Second note: you'll need to have Docker installed on your machine in order to use Docker and Docker Compose.
We define our "install dependencies" within the
services section, in this case, Postgres.
Then we define the basic environment variables that Postgres needs to startup the database. In the old world, where we were creating the database from the command line via psql, here we just define it under
volumes section uses an initialize script (more on this in a second) and defines a database volume that gets "mounted" alongside the container. And we define that volume name using the "root"
volumes section, in this case using the name
The reason we do that is so that if we bring down the "stack" using
docker-compose down, it won't clear the schema definitions + data stored in the database. Note, if we want to delete that information and bring it totally down, we can use the command
docker-compose down -v, using the
-v flag for "volume".
The init.sql (used to create the table schema as the container boots up) still needs to be created, but instead of you having to manually define the schema, the SQL script just gets leveraged by Compose instead. In other words, its automatic rather than manual, and removes a step for us.
And here's what that init.sql script looks like:
CREATE TABLE books (book_number int, isbn text)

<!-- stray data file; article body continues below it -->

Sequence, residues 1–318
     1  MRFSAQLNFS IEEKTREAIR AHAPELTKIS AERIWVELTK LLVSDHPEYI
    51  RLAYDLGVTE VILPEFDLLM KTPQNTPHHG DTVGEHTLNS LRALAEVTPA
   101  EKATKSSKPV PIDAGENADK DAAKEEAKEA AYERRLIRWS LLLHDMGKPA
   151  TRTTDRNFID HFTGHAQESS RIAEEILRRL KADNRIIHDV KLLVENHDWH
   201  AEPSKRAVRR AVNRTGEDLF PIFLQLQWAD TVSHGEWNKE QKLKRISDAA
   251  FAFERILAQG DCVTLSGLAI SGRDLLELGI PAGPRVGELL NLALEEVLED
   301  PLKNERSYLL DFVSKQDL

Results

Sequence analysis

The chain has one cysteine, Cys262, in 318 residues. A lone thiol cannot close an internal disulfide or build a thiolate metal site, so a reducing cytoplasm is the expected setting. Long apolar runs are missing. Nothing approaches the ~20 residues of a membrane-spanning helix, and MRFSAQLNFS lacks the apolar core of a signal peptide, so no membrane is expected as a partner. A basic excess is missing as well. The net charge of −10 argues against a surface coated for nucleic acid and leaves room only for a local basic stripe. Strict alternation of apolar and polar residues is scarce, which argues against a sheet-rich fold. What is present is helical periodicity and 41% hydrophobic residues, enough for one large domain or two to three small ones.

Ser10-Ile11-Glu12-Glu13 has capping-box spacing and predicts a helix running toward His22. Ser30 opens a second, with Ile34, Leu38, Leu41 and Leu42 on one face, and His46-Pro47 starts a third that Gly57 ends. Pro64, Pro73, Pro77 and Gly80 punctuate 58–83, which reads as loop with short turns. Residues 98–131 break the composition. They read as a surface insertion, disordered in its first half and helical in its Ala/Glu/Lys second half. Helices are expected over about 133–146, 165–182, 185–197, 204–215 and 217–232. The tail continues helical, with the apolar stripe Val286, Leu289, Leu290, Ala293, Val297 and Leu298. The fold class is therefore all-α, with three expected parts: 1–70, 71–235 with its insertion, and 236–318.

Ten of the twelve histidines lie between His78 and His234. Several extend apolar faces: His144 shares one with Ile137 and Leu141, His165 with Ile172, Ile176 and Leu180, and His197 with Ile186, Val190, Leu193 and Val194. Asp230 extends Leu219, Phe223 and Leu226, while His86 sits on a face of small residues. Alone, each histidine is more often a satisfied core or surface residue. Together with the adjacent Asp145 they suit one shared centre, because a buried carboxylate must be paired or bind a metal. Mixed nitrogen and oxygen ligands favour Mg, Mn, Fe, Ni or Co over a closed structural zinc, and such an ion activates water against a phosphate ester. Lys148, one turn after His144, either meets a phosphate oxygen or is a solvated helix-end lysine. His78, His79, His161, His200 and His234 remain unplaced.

Lastly, we map the container port to the host machine port (the host machine being your machine itself), so that you can access the container from your machine. That's done in the service's
For Redis, it's even simpler. In that same
services section, we do:
redis_queue: image: redis:5.0.6 container_name: redis_queue ports: - 6379:6379
Define the Docker Redis image to use, give the container a name, and map the ports. Simple.
Real quick, here's the entire
docker-compose.yml file in its entirety:
version: '3.7' services: redis_queue: image: redis:5.0.6 container_name: redis_queue ports: - 6379:6379 db_queue: image: postgres:9.6.17 container_name: db_queue environment: POSTGRES_DB: library POSTGRES_USER: root POSTGRES_PASSWORD: password volumes: - ./init.sql:/docker-entrypoint-initdb.d/init.sql - db-data:/var/lib/postgresql/data ports: - 5432:5432 volumes: db-data:
Like I mentioned before, all we need to do to start the "stack" is to run
docker-compose up, and Docker will use the Compose file and services defined therein to spin up the containers.
Because we have the container ports mapped to the local machine, we can run the unit/integration tests using
npm test - nothing different we need to do.
You can also run the code against the containers, not just the tests. Simple.
If you're continuously bumping up against problems running your project locally, strongly consider using Docker Compose for this instead.
It makes defining a local "stack" for local development a lot simpler and more headache-free then installing a bunch of stuff on your machine. And in this post we've really only scratched the surface of what you can do. It can make your developer life SO much easier.